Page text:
I answered “Yes” based upon general principals but the truth is that many (most?) journals don’t have a ready way to handle such things post publication. I know this from first hand experience.

    Then of course there’s the trickier question of what actually constitutes a condemnation-worthy “mistake”? Is a failure to correct (for example) a mislabeled axis of a graph the same as a failure to correct an erroneous data presented in the graph?–they are sometimes comparable but the former will usually be easier to sniff out than the latter.

  • Anonymous March 10, 2016 at 11:19 pm

    I am aware of several cases that even when errors are pointed out to the authors, that the editors and the publishers have stone-walled the correction of the literature, so this complicates the issue even further. Some editors and journals are not willing to spend time and issue errata unless there is clear misconduct. In other words, even if some authors are willing to correct errors, even apparently menial ones, sometimes the problem lies with the editors and publishers.

    I should note that Kamoun and Zipfel have stated their clear position regarding anonymous queries and have distanced themselves from Blatt’s perspectives:
    https://pubpeer.com/publications/4C70FCE2AC5F1737A1C7560C1C3590

  • Warren Gallin March 11, 2016 at 1:35 am

    What about an error in interpretation? A conclusion that turns out to be untrue? Are these mistakes? Because if so, I suspect that the majority of research papers are going to have to be annotated somehow. And what if you have two groups with different, incompatible theories, each supported by some data? Are the papers presenting this material mistakes in the making or part of the normal give-and-take at the cutting edge of science?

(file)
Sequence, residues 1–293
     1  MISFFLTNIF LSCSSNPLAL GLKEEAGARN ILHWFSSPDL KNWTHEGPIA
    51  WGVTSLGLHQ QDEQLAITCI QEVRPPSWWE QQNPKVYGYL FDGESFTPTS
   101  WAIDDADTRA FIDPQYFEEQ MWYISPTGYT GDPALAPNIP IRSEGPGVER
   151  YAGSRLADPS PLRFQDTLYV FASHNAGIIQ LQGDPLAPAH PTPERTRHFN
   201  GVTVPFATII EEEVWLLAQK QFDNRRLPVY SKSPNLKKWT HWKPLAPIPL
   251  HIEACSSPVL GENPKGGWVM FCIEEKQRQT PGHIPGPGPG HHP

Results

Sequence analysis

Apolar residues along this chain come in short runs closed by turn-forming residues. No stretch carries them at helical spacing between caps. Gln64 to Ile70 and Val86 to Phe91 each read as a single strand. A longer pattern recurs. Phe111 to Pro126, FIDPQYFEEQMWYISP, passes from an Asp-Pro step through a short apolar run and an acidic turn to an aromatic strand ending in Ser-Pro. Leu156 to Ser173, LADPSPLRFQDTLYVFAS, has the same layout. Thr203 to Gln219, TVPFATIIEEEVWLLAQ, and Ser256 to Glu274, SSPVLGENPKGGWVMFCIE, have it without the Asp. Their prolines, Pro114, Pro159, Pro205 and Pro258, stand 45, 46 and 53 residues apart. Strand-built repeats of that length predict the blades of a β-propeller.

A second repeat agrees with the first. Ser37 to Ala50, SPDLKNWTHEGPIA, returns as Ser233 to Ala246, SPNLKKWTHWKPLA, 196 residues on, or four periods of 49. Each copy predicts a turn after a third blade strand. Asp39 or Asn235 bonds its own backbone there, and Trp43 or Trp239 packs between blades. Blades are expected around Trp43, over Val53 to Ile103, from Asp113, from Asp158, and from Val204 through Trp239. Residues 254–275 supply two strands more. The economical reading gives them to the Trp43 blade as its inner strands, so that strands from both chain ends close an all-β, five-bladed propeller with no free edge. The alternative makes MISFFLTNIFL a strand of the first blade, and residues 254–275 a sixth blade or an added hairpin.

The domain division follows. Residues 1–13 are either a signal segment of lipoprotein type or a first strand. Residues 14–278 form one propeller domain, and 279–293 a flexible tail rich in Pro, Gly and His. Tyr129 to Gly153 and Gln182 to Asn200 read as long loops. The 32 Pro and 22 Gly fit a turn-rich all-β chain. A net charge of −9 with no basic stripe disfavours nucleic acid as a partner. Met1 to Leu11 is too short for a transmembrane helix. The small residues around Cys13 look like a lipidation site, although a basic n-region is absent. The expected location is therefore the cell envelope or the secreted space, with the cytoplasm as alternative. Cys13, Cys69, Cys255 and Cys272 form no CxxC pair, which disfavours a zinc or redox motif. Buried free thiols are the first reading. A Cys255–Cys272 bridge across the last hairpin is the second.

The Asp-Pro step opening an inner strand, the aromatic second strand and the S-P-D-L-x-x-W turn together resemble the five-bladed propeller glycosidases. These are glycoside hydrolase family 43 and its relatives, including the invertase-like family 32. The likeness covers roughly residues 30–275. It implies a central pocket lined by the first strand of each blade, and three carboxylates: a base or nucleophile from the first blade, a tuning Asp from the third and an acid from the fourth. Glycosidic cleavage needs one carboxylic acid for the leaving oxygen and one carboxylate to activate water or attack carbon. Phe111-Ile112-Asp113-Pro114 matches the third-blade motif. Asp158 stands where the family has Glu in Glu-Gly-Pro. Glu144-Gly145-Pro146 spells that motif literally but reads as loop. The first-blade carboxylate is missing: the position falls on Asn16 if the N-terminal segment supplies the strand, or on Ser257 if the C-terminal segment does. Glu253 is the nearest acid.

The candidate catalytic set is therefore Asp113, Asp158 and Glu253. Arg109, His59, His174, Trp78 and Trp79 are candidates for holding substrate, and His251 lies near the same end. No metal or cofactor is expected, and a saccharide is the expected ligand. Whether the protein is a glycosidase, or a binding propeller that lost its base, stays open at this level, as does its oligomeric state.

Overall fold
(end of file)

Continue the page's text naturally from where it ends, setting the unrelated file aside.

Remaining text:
Mistake seems to me to be too imprecise a word, on its own, to bear the weight of an institutional policy.

  • Tom March 11, 2016 at 2:14 am

    What if the authors are no longer active researchers? What if they have moved on from the postdoctoral position they held when they published that particular paper? Are they expected to address (potential?) mistakes in their own time, unpaid? I can think of quite a few problems with making a sweeping generalization like this.

    • ELF March 11, 2016 at 1:27 pm

      That was my thought too… and it’s not just postdoctoral researchers. It’s any researcher, at any stage in their non-tenured career, who finishes the contract associated with the research.

      • ELF March 12, 2016 at 10:17 am

        It’s also possible – even probable? – that a researcher who no longer has affiliation to the project/institution will also lose legal access to raw data. While each project may have its own agreements regarding data ownership, it’s standard in Australian universities for the data (and all products/outputs of the research) to be owned by the institution, not the individual researchers.

    • Jaime A. Teixeira da Silva March 11, 2016 at 2:00 pm

      Tom, this is very closely related to the issue of deceased scientists and how to hold them accountable. I share your concern, especially about such cases. Maybe my recent paper may be of use to you:
      Teixeira da Silva, J.A., Dobránszki, J. (2015) The authorship of deceased scientists and their posthumous responsibilities. Science Editor (CSE) 38(3/4): 98-100.
      http://www.councilscienceeditors.org/wp-content/uploads/v38n3_4p98-100.pdf

    • Klaas van Dijk March 11, 2016 at 2:47 pm

      Also the affilation of such an author (often a university) has a responsibilty to act when it turns out that there are issues with one or more papers of such an author. See for example the postings about Diederik Stapel and about Jens Förster at Retractionwatch for backgrounds.

  • Marco March 11, 2016 at 4:02 am

    I guess mistakes are only mistakes if the one who made the mistake admits it is a mistake.

  • Anonymous March 11, 2016 at 6:40 am

    I would love to see the peer review for this piece in Nature.

  • Spike March 13, 2016 at 2:19 pm